One day Nobody appeared on the front door step. He rang the invisible (and soundless) doorbell, but the dogs had already detected him with their enhanced canine sniffing prowess. They barked.

The humans went to the door, and opened it. There was nothing to see. Nothing even out on the footpath or the road. Nothing to see. Nothing.

The humans had a quiet, mirthless chuckle, and made comments which were a bit unkind about the dogs barking as if someone was there. There was no-one there, so why bark? The humans enjoyed asking this question. And one of them, it may have been the female, questioned whether a dog ought to be embarrassed at causing a scene like that when there was no-one there.

Dogs are supposed to be good at detecting people and dogs near their property. Guard dogs – they alert the humans they live with to events and situations that humans couldn’t have detected so quickly. This is where the man’s best friend concept comes from: for many thousands of years humans and dogs lived together, they hunted and realised that their basic personalities were compatible, but there was a mutually advantageous partnership too, where the dogs who lived with a small group of humans appreciated the fire and the small amounts of food they were given, and they appreciated humans’ ability to see such a long way, and the humans appreciated that dogs could smell so well and warn them about unseen dangers in the night when human vision is cancelled out by the dark. Dogs and humans are a team, or they can be.

All of this is true.

And Nobody was on the front verandah, waiting. Sometimes Nobody comes into the house. He enters when humans arrive home from shopping or otherwise open the door. He sneaks in. He usually sits down where the TV is. He likes TV. He doesn’t stay many days at a time, and he is always keen to go for a walk. But Nobody visits quite a few friends. He is a guest most nights. He sits up with the people in the house as they watch their TV and when they turn it off and go to bed he wanders around. He sits on kitchen benches and crouches in bathrooms and stands up against walls, quite straight, keeping a low profile. Around the time it becomes light Nobody starts to find a way to leave the house he’s staying in. He doesn’t stay with friends for long. If he can’t find a door that is ajar he can leave by other means. When a radio or a tap is turned on, Nobody can make himself small and float away on the radio waves or slide out via the water pipes.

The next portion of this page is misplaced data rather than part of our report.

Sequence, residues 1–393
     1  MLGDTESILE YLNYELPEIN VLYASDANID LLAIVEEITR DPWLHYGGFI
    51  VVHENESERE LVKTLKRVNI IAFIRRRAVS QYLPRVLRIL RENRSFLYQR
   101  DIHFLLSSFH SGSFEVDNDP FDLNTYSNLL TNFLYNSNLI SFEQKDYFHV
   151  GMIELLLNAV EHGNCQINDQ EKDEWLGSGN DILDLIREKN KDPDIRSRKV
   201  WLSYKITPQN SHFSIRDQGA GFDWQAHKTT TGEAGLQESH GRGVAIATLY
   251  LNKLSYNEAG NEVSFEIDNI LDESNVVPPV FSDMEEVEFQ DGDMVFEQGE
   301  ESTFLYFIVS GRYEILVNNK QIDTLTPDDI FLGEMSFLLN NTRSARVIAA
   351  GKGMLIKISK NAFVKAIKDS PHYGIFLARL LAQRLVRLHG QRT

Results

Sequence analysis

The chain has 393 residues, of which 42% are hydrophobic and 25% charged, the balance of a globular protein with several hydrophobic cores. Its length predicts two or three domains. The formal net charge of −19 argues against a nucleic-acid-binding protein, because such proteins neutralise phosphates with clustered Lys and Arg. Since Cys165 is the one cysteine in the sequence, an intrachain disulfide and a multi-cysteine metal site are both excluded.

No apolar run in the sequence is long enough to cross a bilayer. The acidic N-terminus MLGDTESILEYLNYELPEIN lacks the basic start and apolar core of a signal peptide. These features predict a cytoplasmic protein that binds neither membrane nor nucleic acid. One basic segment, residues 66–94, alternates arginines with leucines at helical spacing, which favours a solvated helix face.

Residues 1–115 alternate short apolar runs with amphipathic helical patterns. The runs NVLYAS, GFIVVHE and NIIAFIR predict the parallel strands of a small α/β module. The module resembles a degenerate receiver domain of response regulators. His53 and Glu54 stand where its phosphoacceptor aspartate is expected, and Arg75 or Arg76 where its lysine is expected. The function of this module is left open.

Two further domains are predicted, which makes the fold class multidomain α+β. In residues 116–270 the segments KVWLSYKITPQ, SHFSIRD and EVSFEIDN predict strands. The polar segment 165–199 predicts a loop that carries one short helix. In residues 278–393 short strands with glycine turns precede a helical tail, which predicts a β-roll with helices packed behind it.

Sometimes Nobody slips or stumbles as he moves about the house. If dogs are awake they may bark or whimper, depending upon whether they are aggressive or scared. Sometimes when humans get out of bed at night to get a glass of water or go to the toilet and they get a cold, tingly sensation that feels quite unnerving, Nobody is in the room with them and hasn’t found a way to perch himself that is sufficiently out of the way. Nobody has a habit of sitting on toilets, just to relax. This, in particular, can freak humans right out.

They don’t know they have a guest. But the dogs know.

Published in: on February 14, 2011 at 7:07 pm  Leave a Comment  

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